I refurbish a handful of tractors and snow blowers as a hobby and labor of love.  This site reflects the equipment I've completed and the ethical approach I take in selling these machines.  I also perform service and repairs on tractor-mowers, riding mowers, zero-turns, lawnmowers, and snow blowers.

This Library of Articles enables the homeowner to shop for, care for, and improve the ownership experience. 

Article 14: Mulching

What is Mulching and How is it Done?


Mulching is a way to send small, chopped-up grass cuttings back into the turf instead of side-discharging or bagging the cuttings.  The goal is to leave the cuttings in the turf and still have a healthy and attractive lawn.  In order to achieve this, during the Summer periods when grass is growing rapidly you need to mow quite frequently (at least twice per week) so as not leave excess cuttings on your lawn.

Timing Recommendations

Mulching is best done during the slow-growing period between mid-to-late July and late-August.  Since the lawn is impacted by heat and lack of rain, which reduce lawn growth, one can mow at more regular, weekly intervals and mulch the cuttings.  We recommend bagging during rapid-growth periods for a more manicured appearance.  We recommend mulching during slow-growth periods to get that extra bit of nutrients into the lawn from the cuttings as they decompose, along with the freedom from emptying grass catcher bags.

How to Mulch

To perform mulching, you install a mulch plug to cover the side discharge outlet and "seal" the mowing deck.  On most mowers this can be done without removing the side discharge flap.  Generally, you install mulching blades.  Many recent tractors from brands such as Husqvarna and Craftsman come standard with mulching blades, which are perfectly suitable for bagging clippings as well.  Check to find out if your machine came equipped with mulching blades.  If not, remove the standard high-lift blades (used for bagging) and install mulching blades according to the instructions in your mower’s Operator’s Manual.

Install the mulch plug in place of the chute that goes to the bagger.  You can remove the chute alone or the entire bagging system when mulching.  Once the deck is sealed, when you mow, the cuttings are circulated inside the mowing deck and chopped up several times by the rapidly turning blades.  Mulching blades more readily enable the chopping of cuttings.

The typical mulching blade has a longer, compound cutting edge.  Essentially, it has two or three edges that extend from a point closer to the center of the blade out to the edge of the blade as compared to a traditional high-lift blade with one three-inch cutting edge that is intended to push the cuttings upwards into the bagger chute.  With three cutting edges, the edges starting at the inside of the blade are set at three angles:  level, downward (raised at the front), and upward (raised towards the rear for lift).  With the cutting edges in this configuration, the grass cuttings are pushed in different directions for repeat cutting by the rapidly spinning blade’s varying edges.  Since the deck is sealed, ultimately the cuttings are pushed back into the turf.  As the cuttings decompose, they serve as a low-level fertilizer for the lawn.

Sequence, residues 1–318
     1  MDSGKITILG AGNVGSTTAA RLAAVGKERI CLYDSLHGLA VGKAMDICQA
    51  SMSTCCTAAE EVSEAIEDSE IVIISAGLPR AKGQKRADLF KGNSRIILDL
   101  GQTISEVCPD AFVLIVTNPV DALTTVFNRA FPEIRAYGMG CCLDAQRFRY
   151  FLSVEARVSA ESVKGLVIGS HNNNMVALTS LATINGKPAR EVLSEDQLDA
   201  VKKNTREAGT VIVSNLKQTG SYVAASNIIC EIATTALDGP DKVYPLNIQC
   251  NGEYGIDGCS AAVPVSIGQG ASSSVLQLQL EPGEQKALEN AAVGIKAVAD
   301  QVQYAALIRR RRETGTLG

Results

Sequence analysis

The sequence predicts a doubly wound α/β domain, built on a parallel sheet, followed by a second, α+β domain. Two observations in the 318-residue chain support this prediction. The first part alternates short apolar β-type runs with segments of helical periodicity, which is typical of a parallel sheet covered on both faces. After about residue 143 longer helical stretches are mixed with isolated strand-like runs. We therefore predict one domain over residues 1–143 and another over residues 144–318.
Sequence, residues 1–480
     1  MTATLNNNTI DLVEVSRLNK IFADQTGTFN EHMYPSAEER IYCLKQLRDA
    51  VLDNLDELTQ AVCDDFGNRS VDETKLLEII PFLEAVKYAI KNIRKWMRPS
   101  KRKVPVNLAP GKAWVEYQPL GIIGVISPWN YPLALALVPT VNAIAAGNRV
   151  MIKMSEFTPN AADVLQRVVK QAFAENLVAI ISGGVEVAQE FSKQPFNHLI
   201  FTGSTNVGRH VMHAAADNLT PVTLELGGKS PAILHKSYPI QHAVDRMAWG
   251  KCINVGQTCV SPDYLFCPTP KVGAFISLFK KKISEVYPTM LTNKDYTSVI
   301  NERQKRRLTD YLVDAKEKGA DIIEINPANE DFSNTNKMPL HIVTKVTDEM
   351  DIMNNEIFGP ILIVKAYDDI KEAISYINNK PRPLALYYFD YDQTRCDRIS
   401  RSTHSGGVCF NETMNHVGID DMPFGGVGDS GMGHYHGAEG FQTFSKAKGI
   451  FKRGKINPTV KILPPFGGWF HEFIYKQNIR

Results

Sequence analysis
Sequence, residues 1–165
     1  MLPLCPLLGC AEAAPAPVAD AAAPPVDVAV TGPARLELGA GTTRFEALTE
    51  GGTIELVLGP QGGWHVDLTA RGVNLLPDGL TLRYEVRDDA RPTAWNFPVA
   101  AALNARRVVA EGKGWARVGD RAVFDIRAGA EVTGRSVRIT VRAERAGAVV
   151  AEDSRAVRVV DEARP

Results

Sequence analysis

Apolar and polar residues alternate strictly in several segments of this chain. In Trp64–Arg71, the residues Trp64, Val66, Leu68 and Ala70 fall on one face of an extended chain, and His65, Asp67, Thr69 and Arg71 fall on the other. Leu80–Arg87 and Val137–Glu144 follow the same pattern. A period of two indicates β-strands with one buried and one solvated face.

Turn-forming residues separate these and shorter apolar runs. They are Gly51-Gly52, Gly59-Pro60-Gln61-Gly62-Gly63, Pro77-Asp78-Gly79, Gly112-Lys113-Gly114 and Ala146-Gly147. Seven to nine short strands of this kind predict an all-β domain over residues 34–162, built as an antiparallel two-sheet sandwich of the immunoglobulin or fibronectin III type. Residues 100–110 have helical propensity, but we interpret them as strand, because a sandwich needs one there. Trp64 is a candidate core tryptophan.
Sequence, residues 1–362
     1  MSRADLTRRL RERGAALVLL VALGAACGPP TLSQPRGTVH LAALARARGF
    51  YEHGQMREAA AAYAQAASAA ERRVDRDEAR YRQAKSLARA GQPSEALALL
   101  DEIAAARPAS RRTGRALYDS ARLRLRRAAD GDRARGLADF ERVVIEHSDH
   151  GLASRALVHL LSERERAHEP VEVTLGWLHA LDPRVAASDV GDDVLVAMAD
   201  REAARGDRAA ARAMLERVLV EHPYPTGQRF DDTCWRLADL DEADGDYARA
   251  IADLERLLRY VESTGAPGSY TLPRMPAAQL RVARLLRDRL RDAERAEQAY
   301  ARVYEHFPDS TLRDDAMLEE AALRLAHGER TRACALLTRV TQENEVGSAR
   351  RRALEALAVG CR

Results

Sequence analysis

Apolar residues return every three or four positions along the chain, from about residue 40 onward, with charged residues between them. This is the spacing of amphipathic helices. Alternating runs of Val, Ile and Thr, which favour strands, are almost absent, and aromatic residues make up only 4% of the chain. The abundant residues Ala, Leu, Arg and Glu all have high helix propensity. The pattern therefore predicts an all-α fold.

When Can I Mulch?

Now, if you do not mow the lawn frequently enough, you cannot mulch.  During rapid lawn growth, you will probably have to mulch at least twice per week.  The reason is that you cannot mulch if you cut more than about 1/4 of the grass blade at a height no greater than 3.0-3.5 inches.  In other words, when mulching you have to be cutting only a small portion of grass off the top in order to push it back into the lawn.  If you try to mulch anything more than a 1/2"-3/4" inch cutting, you are likely to clog up the mowing deck and not spread cuttings properly.  So, mulching is something you might do during part of the season, perhaps when the grass isn't growing very quickly (mid-summer) allowing you reasonable intervals between mowing sessions.  During high-growth periods, you will have a nicer-looking lawn if you bag the cuttings, i.e., sending them out the chute into the grass catcher bags.


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